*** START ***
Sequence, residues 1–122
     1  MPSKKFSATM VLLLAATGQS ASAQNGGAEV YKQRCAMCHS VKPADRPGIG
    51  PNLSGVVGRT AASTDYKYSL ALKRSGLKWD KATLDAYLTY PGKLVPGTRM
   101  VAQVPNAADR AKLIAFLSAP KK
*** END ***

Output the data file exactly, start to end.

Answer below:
Sequence, residues 1–122
     1  MPSKKFSATM VLLLAATGQS ASAQNGGAEV YKQRCAMCHS VKPADRPGIG
    51  PNLSGVVGRT AASTDYKYSL ALKRSGLKWD KATLDAYLTY PGKLVPGTRM
   101  VAQVPNAADR AKLIAFLSAP KK